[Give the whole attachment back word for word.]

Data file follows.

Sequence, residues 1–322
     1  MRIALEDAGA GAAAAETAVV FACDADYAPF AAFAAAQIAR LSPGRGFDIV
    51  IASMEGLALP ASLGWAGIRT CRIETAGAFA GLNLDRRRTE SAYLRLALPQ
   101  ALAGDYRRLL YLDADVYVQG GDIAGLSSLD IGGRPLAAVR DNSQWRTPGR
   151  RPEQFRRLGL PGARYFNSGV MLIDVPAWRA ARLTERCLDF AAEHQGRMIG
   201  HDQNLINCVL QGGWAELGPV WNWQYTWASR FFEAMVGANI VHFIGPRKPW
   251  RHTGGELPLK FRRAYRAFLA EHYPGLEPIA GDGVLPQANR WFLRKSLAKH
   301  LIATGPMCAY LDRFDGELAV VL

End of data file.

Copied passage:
Sequence, residues 1–322
     1  MRIALEDAGA GAAAAETAVV FACDADYAPF AAFAAAQIAR LSPGRGFDIV
    51  IASMEGLALP ASLGWAGIRT CRIETAGAFA GLNLDRRRTE SAYLRLALPQ
   101  ALAGDYRRLL YLDADVYVQG GDIAGLSSLD IGGRPLAAVR DNSQWRTPGR
   151  RPEQFRRLGL PGARYFNSGV MLIDVPAWRA ARLTERCLDF AAEHQGRMIG
   201  HDQNLINCVL QGGWAELGPV WNWQYTWASR FFEAMVGANI VHFIGPRKPW
   251  RHTGGELPLK FRRAYRAFLA EHYPGLEPIA GDGVLPQANR WFLRKSLAKH
   301  LIATGPMCAY LDRFDGELAV VL